If you don’t know by now, I love to make stuff. I have to. Music is just another outlet, but an outlet like no other.

You have to put everything into music; moods, ideas, feelings, convictions, and even a splash of ego and zeal.

I put all that AND SOME into this project.

This transformation from clueless guy with an iPad to mildly competent producer has been one of self-discovery. I know myself better—I’ve come to terms with the hunger that lives inside me I simply have to feed.

In punnier words, I’ve gotten more “in tune” with my vision for the future.

Two summers ago when I stumbled across GarageBand (the music software), I remember absorbing the potential behind it; I felt like a kid experimenting with elements I didn’t fully understand. I became infatuated with smashing together two simple sounds and making a slightly bigger one.

It started there.

No lie, I still had absolutely no clue what I was doing. The idea of making a real song still seemed completely absurd. But, I liked the creative process and I was curious to see what I could eventually make.

So, I kept forging and exploring.

My aptitude grew by the month; I slowly picked up the bits and pieces I needed. The more subject matter I understood (e.g. reverb, compression, semitones, gain, time signatures), the more my creations started to feel like the “real deal.”

Then, before I knew it, I’d made my first complete track. It had everything it was supposed to have: intro, bridge, chorus, verses, transitions, and outro.

But it was missing one last defining element: a voice to go with it.

This would be the hardest part.

Speak Up

I know it seems like everyone these days can rap or sing or make music — this couldn’t be farther from the truth.

This ain’t for everyone.

I once read people are more afraid of public speaking than they are death. As human beings, we are inherently scared to speak out. We don’t want to say the wrong thing, or look stupid, or step on anyone’s toes.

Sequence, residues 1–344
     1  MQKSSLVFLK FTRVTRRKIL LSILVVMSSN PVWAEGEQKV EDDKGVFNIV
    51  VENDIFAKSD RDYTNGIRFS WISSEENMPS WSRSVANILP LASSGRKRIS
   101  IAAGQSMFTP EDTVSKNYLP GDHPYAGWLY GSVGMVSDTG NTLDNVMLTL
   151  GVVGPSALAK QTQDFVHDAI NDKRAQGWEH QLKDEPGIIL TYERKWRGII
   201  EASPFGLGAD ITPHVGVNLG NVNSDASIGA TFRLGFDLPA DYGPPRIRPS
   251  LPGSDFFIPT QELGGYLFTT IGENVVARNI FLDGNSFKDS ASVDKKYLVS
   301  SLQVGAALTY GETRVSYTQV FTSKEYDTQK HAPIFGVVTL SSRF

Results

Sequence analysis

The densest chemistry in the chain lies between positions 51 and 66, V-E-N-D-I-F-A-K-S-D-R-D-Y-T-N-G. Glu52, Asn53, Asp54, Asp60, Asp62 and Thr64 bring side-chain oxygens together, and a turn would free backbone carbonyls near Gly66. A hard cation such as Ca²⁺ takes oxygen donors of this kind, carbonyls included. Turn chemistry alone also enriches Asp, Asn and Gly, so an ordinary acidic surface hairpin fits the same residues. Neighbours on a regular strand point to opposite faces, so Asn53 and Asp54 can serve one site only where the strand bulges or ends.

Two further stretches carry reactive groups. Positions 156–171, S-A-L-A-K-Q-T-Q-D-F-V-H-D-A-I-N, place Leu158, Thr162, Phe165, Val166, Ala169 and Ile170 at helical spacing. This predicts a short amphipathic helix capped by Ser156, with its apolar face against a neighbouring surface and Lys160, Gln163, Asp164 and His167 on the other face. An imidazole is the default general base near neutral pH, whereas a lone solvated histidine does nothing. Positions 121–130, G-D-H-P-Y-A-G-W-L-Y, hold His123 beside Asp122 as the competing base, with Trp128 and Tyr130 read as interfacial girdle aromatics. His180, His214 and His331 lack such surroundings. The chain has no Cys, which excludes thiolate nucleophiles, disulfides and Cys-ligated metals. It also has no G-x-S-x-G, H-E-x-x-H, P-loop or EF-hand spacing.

I’d say social media plays a part. Just look all the crap that offends people on a daily basis; people are flat-out outraged on the reg, man.

This makes it risky to speak up...

And for the longest time, I was scared.

I didn’t want to be made fun of.

I didn’t want to say the wrong thing.

I didn’t want to fail.

But eventually, I got to the point where I literally said “fuck it.”

“I’m going to do this and be myself, regardless of what people think.”

This is the most powerful switch—not only for me in music, but for anyone in any realm! If you can break down that daunting wall of fear, skepticism, and doubt, you’d be surprised what you can do.

This enabled me to fulfill my vision.

I finally started recording.

The album? Officially underway.

Worth noting, my friends are/were extremely supportive of this weird, offshoot hobby of mine. They were the ones who heard all my random beats before anyone else. They gave me the motivation.

I will always love my friends for that.

Go Time

Fast forward a year and we’ve got an album. 16 songs, 40 minutes of content, and it’s happening.

Of course I’m going to release it.

Screw my comfort zone, I’m embracing my creative zone.

I don’t care about the outside criticism and reception. Ultimately, I made this for me because I know the mental obstacles and long hours it took to bring this creation out of the depths of my soul into existence… 😅

And listening to it makes me happy. No one’s going to listen to the album more than me, believe that!

But, if other people like it too?

Well, that’s just gravy.

- AZ

My album is titled Play on Words and will be coming out in August ‘18. If you’d like to know more about my music, follow this Instagram.



Alec Zaffiro

I write to think and organize my ideas. I like psychology, philosophy, and self-improvement—em dashes are my specialty. Not an expert.*